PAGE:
Coal mining in Britain goes as far back as the Roman times, almost all coal resources occur in the rocks of the Carboniferous Age. With the Industrial Revolution, coal production drastically increased, with the expansion of the canal system providing better access to coal producing areas and steam technology providing a use for it. From the 1950s the decline of Britain’s mines began with an estimated 950 mines closed between 1947 and 1994. Mining was a major employer in Doncaster, creating an important heritage for the community that still lives there today.
The title A Rich Seam refers to the high quality of the coal bed, that surrounds Doncaster, which made it a prime area for mining. In 2018 Edwards was awarded a commission by Doncaster Council to create a sculpture that celebrates the lives of those who had worked in the pits around Doncaster. Before this commission there was nothing in Doncaster to show that it was a mining community or had any mining history. Joan Hart who was one of those who sat for their portrait stated that miners were “a unique breed of men” and that it was important to have something to remember the miners by. Laurence spent many months going to South Yorkshire getting to know community by spending time with them in the miners welfare clubs, pubs and other community spaces. What stood out to him was the passion and commonalities between the testimonies “All spoke of camaraderie, of the danger of death and of community and the real sense of loss which is impossible to grasp. One miner said to me imagine the government closing ‘Art’ down, stopping you doing it ever again, then imagine a city full of artists.”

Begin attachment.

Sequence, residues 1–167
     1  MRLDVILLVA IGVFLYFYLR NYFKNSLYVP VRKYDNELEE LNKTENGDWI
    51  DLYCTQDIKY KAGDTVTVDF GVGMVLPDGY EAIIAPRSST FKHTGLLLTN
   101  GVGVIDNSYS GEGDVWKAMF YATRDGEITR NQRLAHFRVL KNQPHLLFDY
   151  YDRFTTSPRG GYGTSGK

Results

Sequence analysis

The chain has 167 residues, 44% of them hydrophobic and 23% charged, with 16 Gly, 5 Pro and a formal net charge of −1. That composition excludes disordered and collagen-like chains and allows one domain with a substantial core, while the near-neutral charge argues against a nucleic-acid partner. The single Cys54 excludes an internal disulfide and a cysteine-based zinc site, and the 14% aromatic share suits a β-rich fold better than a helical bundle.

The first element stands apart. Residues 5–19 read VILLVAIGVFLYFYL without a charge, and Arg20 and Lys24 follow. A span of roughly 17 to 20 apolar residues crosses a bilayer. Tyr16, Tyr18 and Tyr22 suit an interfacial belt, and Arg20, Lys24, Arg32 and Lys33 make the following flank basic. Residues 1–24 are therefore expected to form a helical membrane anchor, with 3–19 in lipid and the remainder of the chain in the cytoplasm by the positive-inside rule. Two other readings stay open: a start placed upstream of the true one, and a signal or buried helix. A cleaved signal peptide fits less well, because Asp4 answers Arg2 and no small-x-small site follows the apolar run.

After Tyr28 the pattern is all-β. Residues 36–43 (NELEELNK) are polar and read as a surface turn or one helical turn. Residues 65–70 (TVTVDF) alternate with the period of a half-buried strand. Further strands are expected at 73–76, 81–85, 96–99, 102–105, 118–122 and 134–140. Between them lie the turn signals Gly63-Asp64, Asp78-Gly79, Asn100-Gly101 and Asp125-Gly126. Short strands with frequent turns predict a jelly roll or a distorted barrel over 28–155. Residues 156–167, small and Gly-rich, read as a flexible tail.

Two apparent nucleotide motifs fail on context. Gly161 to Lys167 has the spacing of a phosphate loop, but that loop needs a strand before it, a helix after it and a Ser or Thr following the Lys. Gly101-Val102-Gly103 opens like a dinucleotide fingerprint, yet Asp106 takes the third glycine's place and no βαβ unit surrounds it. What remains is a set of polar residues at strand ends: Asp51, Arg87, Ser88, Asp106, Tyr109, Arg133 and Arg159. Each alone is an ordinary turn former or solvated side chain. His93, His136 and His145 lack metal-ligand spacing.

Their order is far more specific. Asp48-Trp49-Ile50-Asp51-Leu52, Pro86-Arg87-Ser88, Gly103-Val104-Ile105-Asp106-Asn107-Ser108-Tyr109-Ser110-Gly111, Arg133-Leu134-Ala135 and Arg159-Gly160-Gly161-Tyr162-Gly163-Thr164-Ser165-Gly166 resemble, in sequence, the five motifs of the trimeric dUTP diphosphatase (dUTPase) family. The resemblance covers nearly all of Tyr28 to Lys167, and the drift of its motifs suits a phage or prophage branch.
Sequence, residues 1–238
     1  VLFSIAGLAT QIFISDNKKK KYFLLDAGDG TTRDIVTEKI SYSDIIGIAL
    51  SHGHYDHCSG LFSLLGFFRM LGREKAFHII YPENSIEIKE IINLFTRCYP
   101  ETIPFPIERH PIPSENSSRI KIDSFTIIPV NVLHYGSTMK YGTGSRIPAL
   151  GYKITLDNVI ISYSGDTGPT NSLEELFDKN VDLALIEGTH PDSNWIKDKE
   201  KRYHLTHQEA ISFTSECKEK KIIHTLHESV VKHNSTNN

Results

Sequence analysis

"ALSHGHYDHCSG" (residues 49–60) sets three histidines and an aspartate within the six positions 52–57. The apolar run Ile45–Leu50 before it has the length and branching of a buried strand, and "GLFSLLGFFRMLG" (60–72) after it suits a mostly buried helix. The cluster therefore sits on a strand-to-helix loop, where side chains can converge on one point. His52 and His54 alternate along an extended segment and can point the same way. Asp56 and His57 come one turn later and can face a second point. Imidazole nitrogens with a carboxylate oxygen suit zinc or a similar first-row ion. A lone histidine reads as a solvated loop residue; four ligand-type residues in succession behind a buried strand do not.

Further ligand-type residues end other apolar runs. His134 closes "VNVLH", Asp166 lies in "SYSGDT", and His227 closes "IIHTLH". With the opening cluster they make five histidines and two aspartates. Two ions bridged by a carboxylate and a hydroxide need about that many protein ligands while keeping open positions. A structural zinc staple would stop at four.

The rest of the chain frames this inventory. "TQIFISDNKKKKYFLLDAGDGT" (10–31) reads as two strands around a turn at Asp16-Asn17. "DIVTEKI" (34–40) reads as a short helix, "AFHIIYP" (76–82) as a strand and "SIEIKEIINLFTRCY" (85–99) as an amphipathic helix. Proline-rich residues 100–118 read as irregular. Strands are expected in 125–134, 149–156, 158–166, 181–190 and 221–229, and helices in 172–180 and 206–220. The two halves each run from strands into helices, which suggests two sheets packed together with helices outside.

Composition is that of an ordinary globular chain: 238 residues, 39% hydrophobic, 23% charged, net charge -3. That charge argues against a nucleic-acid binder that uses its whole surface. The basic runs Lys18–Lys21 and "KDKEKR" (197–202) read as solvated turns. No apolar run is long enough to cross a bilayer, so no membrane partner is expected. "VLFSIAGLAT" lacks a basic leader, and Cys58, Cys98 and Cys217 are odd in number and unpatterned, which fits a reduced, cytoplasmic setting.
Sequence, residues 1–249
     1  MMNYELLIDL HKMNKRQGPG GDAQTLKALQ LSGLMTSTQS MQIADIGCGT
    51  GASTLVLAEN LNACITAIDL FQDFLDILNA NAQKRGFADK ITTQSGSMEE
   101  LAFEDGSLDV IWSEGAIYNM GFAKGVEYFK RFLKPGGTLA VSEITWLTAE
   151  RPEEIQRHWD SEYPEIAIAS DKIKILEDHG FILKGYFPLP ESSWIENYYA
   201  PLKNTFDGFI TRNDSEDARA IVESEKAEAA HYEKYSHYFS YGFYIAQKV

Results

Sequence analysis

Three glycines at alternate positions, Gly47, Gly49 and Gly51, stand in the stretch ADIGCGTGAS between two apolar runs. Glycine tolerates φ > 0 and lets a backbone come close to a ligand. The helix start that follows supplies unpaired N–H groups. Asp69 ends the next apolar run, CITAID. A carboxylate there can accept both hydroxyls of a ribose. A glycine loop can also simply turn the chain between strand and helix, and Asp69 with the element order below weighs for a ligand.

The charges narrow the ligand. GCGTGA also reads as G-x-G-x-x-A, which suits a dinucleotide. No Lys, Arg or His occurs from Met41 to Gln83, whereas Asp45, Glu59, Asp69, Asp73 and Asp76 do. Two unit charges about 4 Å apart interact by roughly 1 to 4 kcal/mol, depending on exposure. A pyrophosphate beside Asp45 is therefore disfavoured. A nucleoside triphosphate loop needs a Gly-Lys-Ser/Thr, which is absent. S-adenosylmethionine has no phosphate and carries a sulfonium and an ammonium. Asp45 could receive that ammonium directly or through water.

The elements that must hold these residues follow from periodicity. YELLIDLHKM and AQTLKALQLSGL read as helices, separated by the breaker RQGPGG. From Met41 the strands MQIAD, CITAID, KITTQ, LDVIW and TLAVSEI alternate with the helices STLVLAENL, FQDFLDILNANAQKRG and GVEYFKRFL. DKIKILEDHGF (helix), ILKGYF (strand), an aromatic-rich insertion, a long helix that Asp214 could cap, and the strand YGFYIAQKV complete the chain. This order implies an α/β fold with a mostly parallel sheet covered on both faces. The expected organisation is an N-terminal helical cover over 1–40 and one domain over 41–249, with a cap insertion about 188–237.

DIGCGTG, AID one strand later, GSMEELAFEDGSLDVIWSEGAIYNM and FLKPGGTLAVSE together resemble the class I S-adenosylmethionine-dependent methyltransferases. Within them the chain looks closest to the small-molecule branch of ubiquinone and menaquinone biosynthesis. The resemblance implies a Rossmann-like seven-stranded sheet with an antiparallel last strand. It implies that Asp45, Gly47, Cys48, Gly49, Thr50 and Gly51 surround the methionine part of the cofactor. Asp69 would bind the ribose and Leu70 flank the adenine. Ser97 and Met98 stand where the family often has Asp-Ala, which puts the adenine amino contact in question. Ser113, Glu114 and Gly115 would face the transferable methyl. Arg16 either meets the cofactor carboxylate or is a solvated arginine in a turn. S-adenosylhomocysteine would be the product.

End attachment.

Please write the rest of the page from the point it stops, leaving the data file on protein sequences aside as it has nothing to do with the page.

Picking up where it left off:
Public sculpture in Britain has seen a change of focus in recent years, moving towards art that means something to the community the art is in rather than having a primarily aesthetic purpose. Sculptures of famous ‘heroes’ are no longer relevant, rather we are beginning to create sculpture which is relevant and relatable to the public. This project offers a very different paradigm: the everyday as the heroic, depicting and celebrating the real people of Doncaster with real stories and real faces… ‘Almost by accident, it’s tapped into this thread of public art now,’ agrees Edwards. ‘Public art is no longer the Generals on horseback in Trafalgar Square, it’s more about people’s social histories. So, I chimed with the contemporary way that public art is evolving. It’s very timely. And I’m very pleased about that, to be working within a social history context.’ Keith Marshall who worked at the Brodsworth Colliery and was sculpted by Laurence Edwards for the niches in the sculpture said that “Back then, everything moved around coal. There was a pit in every village. Now, my grandchildren have never seen a piece of it”. He went on to say that now there “will be something that my grandchildren can take their grandchildren to, and learn our history. 
The creative process of this sculpture directly involved the community, all the moulding sessions were recorded by students at Doncaster College and have been placed on YouTube for the public to view. The sculpture stands at the exterior of the Frenchgate Centre, which is the new central hub of the town and forms another part of the rejuvenation project. Its central positioning echoes the centrality of mining to the community and importance it still holds. So not only does the sculpture represent the community, it was created alongside the community and placed at its heart.